I am EXHAUSTED and I didn’t present a thing today!
Instead I attended the Perth Writers Festival’s day-long workshop, the A-Z of Getting Published, and it was great! There were 200 people there and the entire session was MCed by Angela Meyer of Literary Minded, who kept things cool, calm and interesting all day long, despite Perth’s heat, the bright lights and the long hours.
‘D’ is for Don’t Give Up
The lineup was terrific, with info on how to get published, trends in publishing, how to get an agent, how to work with an editor, how to choose a publishing house, etc, etc. (See below for my fave moments from each presenter).
Many people may have come away from the day depressed by the reality of how hard it is to get published.
To these folk I say: don’t give up! All this doom and gloom is just part of the process of testing how badly you want to be a writer. The weak will fall by the roadside but the passionate will drag themselves from their knees and keep writing.
The publishing secret they didn’t reveal: Writing competitions!
I think one huge (and encouraging) thing was missed during the day: Writing competitions! Entering legit competitions is a great way to get your work under the noses of publishers and out of the slushpile.
There are heaps of great competitions out there, but also some less reputable ones that charge huge fees and offer little in return. The big rule is: do your research before you enter!
Some great writing competitions that are well worth the price of entering (or free to enter), spring immediately to mind (but there are a gazillion more and many are genre-specific…just Google):
- The TAG Hungerford Award (West Australian writers)
- The Frances Lincoln Diverse Voices Childrens Book Award (International)
- The Chicken House Childrens Fiction Competition (International)
- Also interesting is the annual Amazon Breakthrough Novel Award (International)
- And the Voices on the Coast Childrens Writing Competition (an award with both I and Briony Stewart, who is also presenting at Sunday’s family day, have won in our time)(which goes to show it’s a great way to get a start in the industry :-))
But back to the A-Z of getting published…..
Favourite moments from the day.
Meredith Curnow, publisher from Random House:
“Some people have voice. Some people can long-jump. We all have things we wish we were good at.”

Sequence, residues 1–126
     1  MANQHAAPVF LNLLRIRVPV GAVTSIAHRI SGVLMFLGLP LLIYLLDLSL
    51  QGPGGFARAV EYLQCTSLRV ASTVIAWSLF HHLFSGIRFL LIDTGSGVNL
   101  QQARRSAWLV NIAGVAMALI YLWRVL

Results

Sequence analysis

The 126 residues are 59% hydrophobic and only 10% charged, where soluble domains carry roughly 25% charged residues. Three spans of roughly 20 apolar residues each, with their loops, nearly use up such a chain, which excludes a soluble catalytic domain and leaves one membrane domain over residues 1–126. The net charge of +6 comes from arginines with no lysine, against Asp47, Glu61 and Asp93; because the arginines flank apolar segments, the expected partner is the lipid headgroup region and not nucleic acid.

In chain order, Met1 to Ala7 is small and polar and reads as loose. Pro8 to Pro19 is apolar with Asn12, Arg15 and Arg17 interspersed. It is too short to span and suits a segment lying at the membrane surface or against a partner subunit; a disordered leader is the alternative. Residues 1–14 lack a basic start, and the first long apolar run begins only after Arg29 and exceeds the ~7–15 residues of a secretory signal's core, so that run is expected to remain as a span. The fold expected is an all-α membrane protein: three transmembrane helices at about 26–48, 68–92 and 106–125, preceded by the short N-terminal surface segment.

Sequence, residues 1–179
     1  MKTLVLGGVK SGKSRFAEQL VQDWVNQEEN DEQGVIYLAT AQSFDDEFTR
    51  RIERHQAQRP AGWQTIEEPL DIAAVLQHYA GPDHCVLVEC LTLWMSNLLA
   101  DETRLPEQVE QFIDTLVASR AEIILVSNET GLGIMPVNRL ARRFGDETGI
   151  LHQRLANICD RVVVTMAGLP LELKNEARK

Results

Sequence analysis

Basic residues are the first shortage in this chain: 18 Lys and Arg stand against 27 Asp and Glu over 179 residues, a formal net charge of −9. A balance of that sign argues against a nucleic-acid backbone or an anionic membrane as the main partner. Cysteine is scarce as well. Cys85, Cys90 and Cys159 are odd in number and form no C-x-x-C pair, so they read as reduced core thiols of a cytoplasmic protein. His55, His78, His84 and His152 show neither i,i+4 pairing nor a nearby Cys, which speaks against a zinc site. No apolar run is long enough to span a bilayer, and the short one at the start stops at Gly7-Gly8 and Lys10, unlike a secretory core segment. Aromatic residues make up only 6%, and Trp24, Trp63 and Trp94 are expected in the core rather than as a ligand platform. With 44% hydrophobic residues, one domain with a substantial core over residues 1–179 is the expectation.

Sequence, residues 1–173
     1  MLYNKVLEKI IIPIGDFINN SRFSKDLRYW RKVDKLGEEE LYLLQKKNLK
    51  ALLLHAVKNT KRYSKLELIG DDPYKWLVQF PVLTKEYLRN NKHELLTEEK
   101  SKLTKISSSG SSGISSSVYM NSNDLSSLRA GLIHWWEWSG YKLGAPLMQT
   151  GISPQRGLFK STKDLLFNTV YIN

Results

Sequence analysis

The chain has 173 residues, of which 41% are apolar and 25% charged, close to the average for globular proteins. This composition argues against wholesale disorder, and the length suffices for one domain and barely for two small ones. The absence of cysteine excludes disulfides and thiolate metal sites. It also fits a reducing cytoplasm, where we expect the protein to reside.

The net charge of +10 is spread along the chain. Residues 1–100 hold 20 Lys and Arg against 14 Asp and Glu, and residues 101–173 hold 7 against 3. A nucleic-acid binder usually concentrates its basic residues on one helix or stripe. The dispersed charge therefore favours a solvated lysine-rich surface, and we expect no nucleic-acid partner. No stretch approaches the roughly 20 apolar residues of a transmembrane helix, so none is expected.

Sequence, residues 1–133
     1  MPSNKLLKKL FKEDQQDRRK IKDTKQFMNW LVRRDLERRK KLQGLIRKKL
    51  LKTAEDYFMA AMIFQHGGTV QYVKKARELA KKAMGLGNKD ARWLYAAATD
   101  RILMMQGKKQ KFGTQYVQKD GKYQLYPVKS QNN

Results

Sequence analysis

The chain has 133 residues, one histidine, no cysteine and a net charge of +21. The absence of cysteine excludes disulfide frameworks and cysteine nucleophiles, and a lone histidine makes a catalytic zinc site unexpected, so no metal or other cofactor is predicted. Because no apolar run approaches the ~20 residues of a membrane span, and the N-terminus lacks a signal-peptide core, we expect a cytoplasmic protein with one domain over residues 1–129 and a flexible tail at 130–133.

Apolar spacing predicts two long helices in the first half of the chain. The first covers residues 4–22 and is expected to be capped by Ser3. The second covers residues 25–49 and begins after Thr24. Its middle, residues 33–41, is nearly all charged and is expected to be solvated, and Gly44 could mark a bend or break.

Mandy Brett, senior editor with Text Publishing:
“You have to ‘hear’ what is wrong with your work. Like music, you can develop your ear. You need to know what good writing sounds like.”
Clive Newman, foreign rights manager at Fremantle Press:
Fremantle Press don’t mind taking risks: they picked up Elizabeth Jolley after she had been rejected 57 times; they published Craig Silvey after his manuscript had languished on the desk of an unnamed major publishing house for two years; they took time to edit and trim A.B. Facey’s A Fortunate Life and gave it a life when noone else would.
John Harman, writer:
“Which is more important, plot or character? That’s like asking Cathy Freeman, which is your most important leg?”
Lyn Tranter, agent with Australian Literary Management:
Agents are worth their weight in gold: L M Montgomery, author of Anne of Green Gables, apparently sold her copyright to this work for a pittance and spent the rest of her life trying to get it back. So book contracts were complicated even back then! As Lyn said: “What she needed was an agent.”
Terri-ann White from UWA publishing
Terri-ann gave an interesting breakdown of where the money goes when a consumer buys a book: 10% to the author; 20-27.5% to the book distributor; 40% to the book seller and the rest to the publisher (0ut of which comes expenses including printing, design, editing, etc). The average number of copies sold when it comes to Australian fiction is 919. A good seller sells around 3000 copies.
Amanda Curtin, freelance book editor and writer
Amanda recommended authors create a style guide for their work, listing the correct spelling of character names, a family tree and chronology. This, Amanda said, not only helps you write your book, it also helps the editor who will be assigned to edit your work once it is accepted.
Emma Morris, publicist with Scribe
Emma’s message: Do any interview that comes your way. Forget your nerves and talk about your passion: the book. And embrace social media: Twitter, blogging, FaceBook.
Any other tips?
Do you have tips to share from today’s session or from your own publishing journey? I’d love to hear what you think!